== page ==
Is It Cold Enough To Skate On Frozen Waterways?

Photo courtesy Ocean County Scanner News

JERSEY SHORE – Temperatures are on the rise now, but the entire state was blasted with arctic air Jan. 20-22. Thankfully, much of the rain had stopped and cleared that Sunday by the time that cold front moved in Monmouth and Ocean counties, which brought with its rapidly plummeting temperatures a flash freeze, when water freezes so quickly ice crystals don’t have time to form. Temperatures barely climbed out of the teens Monday (Martin Luther King Jr. Day), although the roads were clear to drive on.

  The biggest story to come out of that weather, besides the weather itself, was a rescue that took place Monday in Rumson. Four duck hunters took a small boat out to an island on the Navesink. Three made it back to shore, but the man’s boat – not designed to handle the below-zero air and wind chill temperatures and 34-degree water – broke down. He had to be rescued by Coast Guard crews that came in from Sandy Hook and Atlantic City.

  Though ice wasn’t named as a factor in his stranding or rescue, the fact is that lake and pond surfaces have frozen over, probably prompting a few brave souls to sling a pair of ice skates over a shoulder and think about a hydrant lift or death spiral.

  But is the ice thick enough?

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  The Ocean County Park System doesn’t have any lake or pond ice rinks. Monmouth County has three – Holmdel, Shark River, and Turkey Swamp – that are open to the public when, generally, there’s been 10 consecutive days of subfreezing temperatures and the ice is 5 inches thick. Those parks post “skating today” signs so visitors know it’s safe to skate.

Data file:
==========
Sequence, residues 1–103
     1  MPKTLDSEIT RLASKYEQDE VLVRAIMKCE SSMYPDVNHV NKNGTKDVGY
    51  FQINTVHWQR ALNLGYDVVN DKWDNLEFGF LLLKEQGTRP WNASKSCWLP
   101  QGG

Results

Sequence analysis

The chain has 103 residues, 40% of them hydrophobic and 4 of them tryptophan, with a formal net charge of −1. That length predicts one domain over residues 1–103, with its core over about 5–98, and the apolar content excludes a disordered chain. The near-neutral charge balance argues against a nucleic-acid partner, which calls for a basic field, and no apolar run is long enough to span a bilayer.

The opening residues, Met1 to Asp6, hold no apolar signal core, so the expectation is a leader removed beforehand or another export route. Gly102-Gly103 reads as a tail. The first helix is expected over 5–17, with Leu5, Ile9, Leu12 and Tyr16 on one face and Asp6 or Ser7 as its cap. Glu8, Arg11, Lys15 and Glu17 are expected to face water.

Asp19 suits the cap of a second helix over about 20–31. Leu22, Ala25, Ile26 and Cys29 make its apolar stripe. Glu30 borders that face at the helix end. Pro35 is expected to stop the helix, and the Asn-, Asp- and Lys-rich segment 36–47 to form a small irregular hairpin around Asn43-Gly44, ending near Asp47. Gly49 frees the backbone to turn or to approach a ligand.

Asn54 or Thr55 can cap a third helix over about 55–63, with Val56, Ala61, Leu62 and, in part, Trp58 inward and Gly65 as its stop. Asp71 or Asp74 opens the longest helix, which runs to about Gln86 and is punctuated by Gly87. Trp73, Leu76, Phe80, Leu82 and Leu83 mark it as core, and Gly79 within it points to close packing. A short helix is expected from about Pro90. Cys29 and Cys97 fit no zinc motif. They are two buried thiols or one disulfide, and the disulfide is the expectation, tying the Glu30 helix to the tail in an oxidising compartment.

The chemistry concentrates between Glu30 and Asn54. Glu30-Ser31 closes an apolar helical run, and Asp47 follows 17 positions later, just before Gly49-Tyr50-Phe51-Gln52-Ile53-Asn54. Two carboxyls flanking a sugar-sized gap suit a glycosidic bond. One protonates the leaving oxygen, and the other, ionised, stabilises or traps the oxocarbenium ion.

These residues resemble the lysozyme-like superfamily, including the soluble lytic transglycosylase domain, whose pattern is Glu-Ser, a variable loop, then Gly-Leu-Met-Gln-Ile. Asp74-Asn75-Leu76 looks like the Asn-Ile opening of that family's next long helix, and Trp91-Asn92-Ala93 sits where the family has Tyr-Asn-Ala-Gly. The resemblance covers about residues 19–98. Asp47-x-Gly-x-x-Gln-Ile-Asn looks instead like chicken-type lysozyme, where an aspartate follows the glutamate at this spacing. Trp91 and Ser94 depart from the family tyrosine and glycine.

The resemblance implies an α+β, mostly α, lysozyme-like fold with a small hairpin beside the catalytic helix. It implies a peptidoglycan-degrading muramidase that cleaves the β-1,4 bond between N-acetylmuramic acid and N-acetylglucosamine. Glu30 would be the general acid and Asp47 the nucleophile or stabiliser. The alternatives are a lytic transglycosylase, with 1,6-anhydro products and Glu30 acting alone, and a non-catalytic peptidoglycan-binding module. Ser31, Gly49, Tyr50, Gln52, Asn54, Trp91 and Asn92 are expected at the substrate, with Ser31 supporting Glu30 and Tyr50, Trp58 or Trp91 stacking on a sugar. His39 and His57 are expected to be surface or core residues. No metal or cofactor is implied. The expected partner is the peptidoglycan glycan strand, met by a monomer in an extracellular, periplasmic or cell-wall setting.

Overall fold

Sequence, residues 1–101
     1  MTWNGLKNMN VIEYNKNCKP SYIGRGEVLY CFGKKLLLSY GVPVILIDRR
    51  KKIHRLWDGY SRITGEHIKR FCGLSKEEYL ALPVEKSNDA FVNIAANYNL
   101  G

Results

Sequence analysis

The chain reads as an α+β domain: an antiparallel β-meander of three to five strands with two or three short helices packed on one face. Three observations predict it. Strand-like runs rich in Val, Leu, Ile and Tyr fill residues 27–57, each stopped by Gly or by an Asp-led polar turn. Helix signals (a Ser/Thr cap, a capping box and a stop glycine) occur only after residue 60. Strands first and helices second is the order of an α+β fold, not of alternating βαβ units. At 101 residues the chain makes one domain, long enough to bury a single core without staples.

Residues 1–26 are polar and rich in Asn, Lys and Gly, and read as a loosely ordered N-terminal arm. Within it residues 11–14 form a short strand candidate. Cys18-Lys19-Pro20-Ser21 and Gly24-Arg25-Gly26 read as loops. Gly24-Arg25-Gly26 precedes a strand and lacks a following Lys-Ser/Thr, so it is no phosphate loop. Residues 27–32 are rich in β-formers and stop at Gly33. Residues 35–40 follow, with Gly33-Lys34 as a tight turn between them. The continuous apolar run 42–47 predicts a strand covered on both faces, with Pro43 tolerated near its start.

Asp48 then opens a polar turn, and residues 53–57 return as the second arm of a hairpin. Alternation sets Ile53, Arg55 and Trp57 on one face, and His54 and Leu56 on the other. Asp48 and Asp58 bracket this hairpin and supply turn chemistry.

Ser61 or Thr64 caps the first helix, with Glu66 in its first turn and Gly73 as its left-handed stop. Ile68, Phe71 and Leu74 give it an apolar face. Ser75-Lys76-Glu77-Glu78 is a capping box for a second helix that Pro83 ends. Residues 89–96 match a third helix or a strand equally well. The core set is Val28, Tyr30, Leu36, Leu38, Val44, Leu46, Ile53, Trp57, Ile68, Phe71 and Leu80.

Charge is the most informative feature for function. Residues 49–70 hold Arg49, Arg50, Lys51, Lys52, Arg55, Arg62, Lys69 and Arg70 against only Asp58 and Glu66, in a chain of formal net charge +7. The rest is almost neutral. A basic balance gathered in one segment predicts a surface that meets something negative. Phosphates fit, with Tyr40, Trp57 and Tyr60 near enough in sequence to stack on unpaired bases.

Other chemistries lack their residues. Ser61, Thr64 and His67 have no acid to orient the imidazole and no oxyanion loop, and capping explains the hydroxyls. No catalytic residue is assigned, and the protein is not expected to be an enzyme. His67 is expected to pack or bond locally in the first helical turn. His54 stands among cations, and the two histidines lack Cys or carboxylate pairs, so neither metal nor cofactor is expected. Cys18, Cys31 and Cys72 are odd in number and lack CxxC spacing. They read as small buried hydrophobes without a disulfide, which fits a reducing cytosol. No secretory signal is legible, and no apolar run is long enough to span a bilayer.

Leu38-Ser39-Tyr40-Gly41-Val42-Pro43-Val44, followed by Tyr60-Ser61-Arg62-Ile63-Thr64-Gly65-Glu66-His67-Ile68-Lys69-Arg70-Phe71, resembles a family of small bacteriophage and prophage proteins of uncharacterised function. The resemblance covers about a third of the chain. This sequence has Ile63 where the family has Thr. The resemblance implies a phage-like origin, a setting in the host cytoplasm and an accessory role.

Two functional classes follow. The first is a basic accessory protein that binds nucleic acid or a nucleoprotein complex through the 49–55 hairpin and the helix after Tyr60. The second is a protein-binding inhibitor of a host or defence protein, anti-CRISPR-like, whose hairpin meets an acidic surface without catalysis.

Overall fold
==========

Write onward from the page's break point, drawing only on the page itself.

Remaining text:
“So far this year, ice skating has not been safe at any Monmouth County Park. During the winter season, the rangers report to us safety conditions and when the ice is ready for skating, it will be announced on the Park System website and through social media. Also, each park will post a sign to let visitors know if the ice is safe,” Monmouth County Park System spokeswoman Karen Livingstone said. “If a visitor attempts to walk on the ice, a park ranger with tell them to get off.”

  Livingstone clarified further that when temperatures are below 30 degrees, the lake or pond ice must be at least 4 inches thick. When temperatures hover between 30-40 degrees, the ice must be at least 5 inches thick for skaters to use.

  Authorities agree that no one should attempt to venture out on ice that’s less than 3 inches thick. Although going out on ice always carries some risks – ice depth may not be consistent throughout, so experts warn skaters and others to stay away from unknown spots – it’s generally considered safe for skating at 4 inches for skaters, 5 inches for snowmobiles, 12 inches for a car or small pickup truck, and 15 inches for a medium truck. Those numbers apply to lake and pond ice, or ice that is solid, clear, or blue/black.

  One illustration shows 100 inches thickness being safe for Godzilla. Good to know.